Commands preceded by / in the following instructions can typically be typed into an already-open chat window. There should be menus/dialogs/settings in your chat client to accomplish each of these results as well, but we've just included the commands to make things simple.
== Connect to the IRC network==
- Obtain and run an IRC client.
- Connect to chat.freenode.net. You can use your client's dialogs and settings to get this done. This can also be accomplished with the command
- If your client has not provided you with the option already, select a nickname. You can typically change your nickname with the command
- If you have registered this nickname, identify yourself to the Freenode servers (see below).
- Join one or more channels: For instance,
== Register your nickname, identify, and enforce == If you connect frequently, you should register your nick with the NickServ service. This helps you establish "ownership" over a nickname: you can remove other users who are using the nickname, and it also provides a small amount of protection against people impersonating you using the nickname.
For instructions how to register, type
/msg nickserv help register. This will inform you that the syntax for registration is
/msg nickserv register [password] [email@example.com]
You should substitute an actual password for [password]. It is a bad idea to use something easily guessed. It is also a bad idea to use another password for more secure things you do - IRC passwords should not be considered "secure", and it is easy to accidentally type your password into a channel instead of identifying with it (see below). Of course, you should insert your actual email address where indicated above. Then, check your inbox for a message from freenode. It's worth noting that for all of these commands, you don't need the "["brackets"]".
To take advantage of your registration you must identify yourself with NickServ every time you connect. The syntax for this is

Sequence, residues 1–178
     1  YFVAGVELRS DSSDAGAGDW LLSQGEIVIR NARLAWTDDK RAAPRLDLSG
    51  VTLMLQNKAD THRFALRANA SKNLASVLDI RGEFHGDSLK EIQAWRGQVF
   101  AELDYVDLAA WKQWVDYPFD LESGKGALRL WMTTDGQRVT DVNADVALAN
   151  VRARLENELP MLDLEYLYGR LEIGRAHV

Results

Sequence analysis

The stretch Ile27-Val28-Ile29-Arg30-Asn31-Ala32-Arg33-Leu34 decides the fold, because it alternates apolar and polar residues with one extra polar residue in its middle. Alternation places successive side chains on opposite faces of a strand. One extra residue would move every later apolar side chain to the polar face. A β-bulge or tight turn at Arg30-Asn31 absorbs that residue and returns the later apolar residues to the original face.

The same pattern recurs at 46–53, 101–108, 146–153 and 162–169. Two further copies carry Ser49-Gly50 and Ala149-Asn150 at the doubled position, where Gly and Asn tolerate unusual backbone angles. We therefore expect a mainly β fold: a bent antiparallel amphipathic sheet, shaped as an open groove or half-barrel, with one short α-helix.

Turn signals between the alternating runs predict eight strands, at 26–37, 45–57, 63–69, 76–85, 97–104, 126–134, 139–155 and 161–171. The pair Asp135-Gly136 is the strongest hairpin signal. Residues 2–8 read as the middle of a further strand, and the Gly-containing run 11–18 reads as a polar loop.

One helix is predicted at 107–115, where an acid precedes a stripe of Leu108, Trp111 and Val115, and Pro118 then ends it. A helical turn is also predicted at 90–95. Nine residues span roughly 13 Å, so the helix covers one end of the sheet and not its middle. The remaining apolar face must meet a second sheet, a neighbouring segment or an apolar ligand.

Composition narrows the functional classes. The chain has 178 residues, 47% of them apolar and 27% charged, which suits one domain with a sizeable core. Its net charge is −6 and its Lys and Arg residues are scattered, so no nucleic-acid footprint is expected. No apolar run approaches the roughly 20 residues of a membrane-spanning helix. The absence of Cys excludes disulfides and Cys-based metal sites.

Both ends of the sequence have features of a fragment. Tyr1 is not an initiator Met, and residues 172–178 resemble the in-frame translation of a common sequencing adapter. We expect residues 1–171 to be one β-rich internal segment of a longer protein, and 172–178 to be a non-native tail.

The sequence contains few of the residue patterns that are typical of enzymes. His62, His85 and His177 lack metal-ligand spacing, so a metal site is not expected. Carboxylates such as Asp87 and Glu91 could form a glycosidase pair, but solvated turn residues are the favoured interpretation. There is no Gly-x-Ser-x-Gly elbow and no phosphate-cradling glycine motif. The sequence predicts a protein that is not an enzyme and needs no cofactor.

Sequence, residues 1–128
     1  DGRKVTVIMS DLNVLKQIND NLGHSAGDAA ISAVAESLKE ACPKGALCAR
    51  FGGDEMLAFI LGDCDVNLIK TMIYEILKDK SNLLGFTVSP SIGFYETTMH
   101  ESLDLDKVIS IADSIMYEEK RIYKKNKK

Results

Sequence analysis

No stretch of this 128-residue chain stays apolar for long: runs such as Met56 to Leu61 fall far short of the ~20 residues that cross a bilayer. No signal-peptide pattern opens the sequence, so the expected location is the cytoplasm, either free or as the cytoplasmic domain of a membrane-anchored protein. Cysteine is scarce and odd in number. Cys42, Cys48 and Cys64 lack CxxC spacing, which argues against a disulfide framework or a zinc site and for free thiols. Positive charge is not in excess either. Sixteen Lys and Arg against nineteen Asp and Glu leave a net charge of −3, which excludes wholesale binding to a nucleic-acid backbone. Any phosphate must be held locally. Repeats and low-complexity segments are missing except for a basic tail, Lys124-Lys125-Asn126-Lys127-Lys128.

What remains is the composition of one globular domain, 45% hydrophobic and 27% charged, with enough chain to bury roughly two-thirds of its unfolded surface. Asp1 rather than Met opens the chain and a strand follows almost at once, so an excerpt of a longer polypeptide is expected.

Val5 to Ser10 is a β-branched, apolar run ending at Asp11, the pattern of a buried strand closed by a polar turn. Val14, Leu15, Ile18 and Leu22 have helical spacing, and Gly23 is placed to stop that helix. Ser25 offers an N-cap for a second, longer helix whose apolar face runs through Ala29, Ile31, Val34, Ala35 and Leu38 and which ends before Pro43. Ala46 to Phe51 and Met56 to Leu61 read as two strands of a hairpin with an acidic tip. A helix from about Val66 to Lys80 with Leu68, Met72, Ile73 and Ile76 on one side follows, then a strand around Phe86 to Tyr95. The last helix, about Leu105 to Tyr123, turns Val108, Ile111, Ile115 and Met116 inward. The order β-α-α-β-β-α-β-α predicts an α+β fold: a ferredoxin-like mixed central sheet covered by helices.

/msg nickserv identify [password]
Your IRC client may provide an option to automatically send this message when you connect. Consult its documentation for more information. If you do not identify with your account occasionally, your registration might be removed by freenode staff if someone else wants the nickname (typically after a period of 60 days).
To change your password, use the command (after identifying)
/msg nickserv set password [NewPasswordGoesHere]
IRC clients typically have an option to use an 'alternate nickname' to use if the primary nickname is in use when you connect (for example, if someone else is using it, or if you have been abruptly disconnected and a "ghost" of your original connection remains). Freenode recommends that you group this alternate nick (
/msg nickserv help group) to your primary nickname. Once your nick is registered, you can enable 'enforce'. This will force any user claiming the nick to identify with the password within 30 seconds. This protects you from imposters taking your nick while you're offline. Since you configured your client to automatically identify, nothing changes for you (except being protected).
/msg nickserv set enforce on
See you online!